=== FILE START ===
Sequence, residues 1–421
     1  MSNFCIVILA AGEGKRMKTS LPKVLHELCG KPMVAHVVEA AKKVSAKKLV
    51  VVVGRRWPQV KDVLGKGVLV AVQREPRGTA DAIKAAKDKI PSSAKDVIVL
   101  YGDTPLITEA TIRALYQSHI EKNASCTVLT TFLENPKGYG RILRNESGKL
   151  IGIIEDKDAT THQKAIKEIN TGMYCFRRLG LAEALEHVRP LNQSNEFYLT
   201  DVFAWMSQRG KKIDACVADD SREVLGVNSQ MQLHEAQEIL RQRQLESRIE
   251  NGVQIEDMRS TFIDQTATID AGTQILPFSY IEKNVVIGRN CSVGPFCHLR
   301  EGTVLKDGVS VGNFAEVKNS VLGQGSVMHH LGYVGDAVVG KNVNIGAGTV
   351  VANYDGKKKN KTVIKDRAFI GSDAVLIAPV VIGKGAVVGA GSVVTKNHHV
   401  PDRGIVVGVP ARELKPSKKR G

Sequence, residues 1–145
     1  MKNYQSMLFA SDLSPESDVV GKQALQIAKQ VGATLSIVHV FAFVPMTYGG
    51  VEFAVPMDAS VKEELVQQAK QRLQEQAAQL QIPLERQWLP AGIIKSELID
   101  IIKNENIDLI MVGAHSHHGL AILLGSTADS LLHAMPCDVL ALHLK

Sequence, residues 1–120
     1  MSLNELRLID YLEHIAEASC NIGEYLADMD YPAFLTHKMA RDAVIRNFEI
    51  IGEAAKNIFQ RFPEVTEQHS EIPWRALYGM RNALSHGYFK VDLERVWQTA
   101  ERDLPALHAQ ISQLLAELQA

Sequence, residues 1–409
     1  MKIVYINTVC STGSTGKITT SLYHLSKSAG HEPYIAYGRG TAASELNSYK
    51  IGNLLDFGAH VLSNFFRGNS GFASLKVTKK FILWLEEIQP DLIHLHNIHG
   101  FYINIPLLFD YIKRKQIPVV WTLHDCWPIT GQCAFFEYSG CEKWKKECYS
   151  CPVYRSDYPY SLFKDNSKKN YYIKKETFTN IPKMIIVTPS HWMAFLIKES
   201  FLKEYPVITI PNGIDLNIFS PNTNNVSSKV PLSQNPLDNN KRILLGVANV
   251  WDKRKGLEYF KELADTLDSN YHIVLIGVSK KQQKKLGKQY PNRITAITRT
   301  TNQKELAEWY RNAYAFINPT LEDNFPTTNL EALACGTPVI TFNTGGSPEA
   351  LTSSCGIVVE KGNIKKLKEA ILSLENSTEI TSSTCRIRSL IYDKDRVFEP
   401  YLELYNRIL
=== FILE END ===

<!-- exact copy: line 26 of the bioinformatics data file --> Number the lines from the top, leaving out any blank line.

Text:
   301  TNQKELAEWY RNAYAFINPT LEDNFPTTNL EALACGTPVI TFNTGGSPEA